So, after much delay, here's my London trip blog. I carried around my journal with me all last week hoping to reference it to put this together, but never had time. Now I am journal-less, so here is your from memory, incomplete but hopefully still illuminating and amusing tale of my trip to the motherland.
I've spent a lot of time in London before this trip, so the touristy stuff was already taken care of. This trip was more about seeing what Liz's life of a person actually living in London was all about. And it was great! Expensive, but great!
Liz lives in Newington Green, a neighborhood in the north eastern part of the city. No tube stop, but it's close to Angel -- the neighborhood where Andrew lives and she hangs out the most. No tube meant we spend a lot of time on the buses. I am incalculably impressed that Liz has been able to interpret the bus system's density to be able to use it all the time. There are about a bajillion different lines, and the maps -- while great once you get the hang of them -- are about as clear as a Magic Eye puzzle before you know how to look through them or whatever. I think the best exposure I had to London people was on the buses. The "stereotypical London trash" (not my phrasing, but I really can't think of another way to put it) with their ridiculous accents that sound as though their tongues are 8 sizes too big for their mouths and using "f" sounds where so many other consonants would have been correct, and their pit bulls and bull terriers and their stolen DVDs poking up out of their pant waists. The children -- who ride both the buses and underground for free -- who get on in gaggles and always seem to be eating candy. And wow, I can't imagine having a baby in that city. Everyone lugs their strollers (buggies?) up onto the buses and down the super long escalators in the tube all over the place. Pregnant women must spend a large part of that preparatory 9 months lifting.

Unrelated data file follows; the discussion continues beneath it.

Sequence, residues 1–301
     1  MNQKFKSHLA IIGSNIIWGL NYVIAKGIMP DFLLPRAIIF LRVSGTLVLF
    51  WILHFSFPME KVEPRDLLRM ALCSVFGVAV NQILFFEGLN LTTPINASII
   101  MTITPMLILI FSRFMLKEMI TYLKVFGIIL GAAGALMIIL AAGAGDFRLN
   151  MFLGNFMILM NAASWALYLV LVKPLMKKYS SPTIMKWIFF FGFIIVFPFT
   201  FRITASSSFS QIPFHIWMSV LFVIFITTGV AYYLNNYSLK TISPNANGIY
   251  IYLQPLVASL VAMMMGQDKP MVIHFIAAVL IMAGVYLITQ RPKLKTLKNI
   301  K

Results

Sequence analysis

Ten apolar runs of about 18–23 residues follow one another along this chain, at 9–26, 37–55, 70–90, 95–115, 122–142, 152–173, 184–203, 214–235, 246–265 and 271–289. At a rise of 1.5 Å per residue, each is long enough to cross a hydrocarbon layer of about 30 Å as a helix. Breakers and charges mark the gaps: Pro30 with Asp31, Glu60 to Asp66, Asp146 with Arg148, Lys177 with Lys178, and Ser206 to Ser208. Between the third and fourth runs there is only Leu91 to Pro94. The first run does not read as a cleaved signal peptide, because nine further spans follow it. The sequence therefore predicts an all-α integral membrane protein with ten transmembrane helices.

Whoa that was a long paragraph.
We revisited Regents Park, where I lived when I studied over there. It's as beautiful as ever. We also went by my favorite pub, the Hobgoblin, though didn't make it there during the window time where they're serving their delicious Thai food. I did, however, eat Indian food on Brick Lane. I've always had an aversion to Indian food -- mainly because I don't like yellow curry, I don't like safron and I'm not wild about the other flavors I'd had involved in whatever had passed for Indian food previously in my life. Andrew took Liz and I out and ordered a feast and ever last bite of it was unbelievably good. I am now an Indian food convert. Brick Lane is really cool -- all these Indian restaurants on this one narrow little street, with all the hosts and proprietors jumping out at you to try and convince you to choose their place. Offers of free drinks, discounts, bottles of wine abound. You basically stroll back and forth till you find the deal you want. Pretty sweet.
That same night we went to the Ten Bells, the pub where Jack the Ripper supposedly found his victims. If he were in that business still today, his victims would have thick black eyeliner and big tall combat boots, combined with an unexpected love of Nickel Back and Whitney Houston.